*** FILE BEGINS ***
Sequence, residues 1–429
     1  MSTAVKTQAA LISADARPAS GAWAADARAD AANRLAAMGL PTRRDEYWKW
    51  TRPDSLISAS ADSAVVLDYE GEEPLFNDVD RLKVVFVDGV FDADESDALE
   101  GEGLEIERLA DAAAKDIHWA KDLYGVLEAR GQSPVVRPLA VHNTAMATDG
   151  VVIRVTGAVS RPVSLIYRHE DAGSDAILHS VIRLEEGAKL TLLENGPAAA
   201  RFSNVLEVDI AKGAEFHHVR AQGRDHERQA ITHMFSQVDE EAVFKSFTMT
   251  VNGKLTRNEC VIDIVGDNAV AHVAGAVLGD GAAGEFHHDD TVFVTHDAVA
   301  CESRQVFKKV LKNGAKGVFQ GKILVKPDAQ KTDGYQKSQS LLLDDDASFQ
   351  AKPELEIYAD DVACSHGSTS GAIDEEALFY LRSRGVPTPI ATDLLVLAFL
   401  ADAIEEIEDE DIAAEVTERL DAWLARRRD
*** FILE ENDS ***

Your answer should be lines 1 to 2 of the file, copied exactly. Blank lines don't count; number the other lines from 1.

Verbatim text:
Sequence, residues 1–429
     1  MSTAVKTQAA LISADARPAS GAWAADARAD AANRLAAMGL PTRRDEYWKW